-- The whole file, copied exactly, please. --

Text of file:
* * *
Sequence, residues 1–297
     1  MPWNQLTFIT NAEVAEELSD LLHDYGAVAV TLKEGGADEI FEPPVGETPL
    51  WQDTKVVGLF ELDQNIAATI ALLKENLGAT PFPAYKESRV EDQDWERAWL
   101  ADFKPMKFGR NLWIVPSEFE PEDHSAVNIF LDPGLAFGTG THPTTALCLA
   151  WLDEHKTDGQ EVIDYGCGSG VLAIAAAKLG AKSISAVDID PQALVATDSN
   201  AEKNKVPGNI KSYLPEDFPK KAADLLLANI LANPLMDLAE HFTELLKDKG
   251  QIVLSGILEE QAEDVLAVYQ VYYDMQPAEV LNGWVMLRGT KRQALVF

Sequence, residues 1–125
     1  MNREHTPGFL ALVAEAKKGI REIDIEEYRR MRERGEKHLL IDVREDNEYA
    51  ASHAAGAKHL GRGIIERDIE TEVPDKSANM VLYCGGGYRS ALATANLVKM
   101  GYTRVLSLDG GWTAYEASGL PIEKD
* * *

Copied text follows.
Sequence, residues 1–297
     1  MPWNQLTFIT NAEVAEELSD LLHDYGAVAV TLKEGGADEI FEPPVGETPL
    51  WQDTKVVGLF ELDQNIAATI ALLKENLGAT PFPAYKESRV EDQDWERAWL
   101  ADFKPMKFGR NLWIVPSEFE PEDHSAVNIF LDPGLAFGTG THPTTALCLA
   151  WLDEHKTDGQ EVIDYGCGSG VLAIAAAKLG AKSISAVDID PQALVATDSN
   201  AEKNKVPGNI KSYLPEDFPK KAADLLLANI LANPLMDLAE HFTELLKDKG
   251  QIVLSGILEE QAEDVLAVYQ VYYDMQPAEV LNGWVMLRGT KRQALVF

Sequence, residues 1–125
     1  MNREHTPGFL ALVAEAKKGI REIDIEEYRR MRERGEKHLL IDVREDNEYA
    51  ASHAAGAKHL GRGIIERDIE TEVPDKSANM VLYCGGGYRS ALATANLVKM
   101  GYTRVLSLDG GWTAYEASGL PIEKD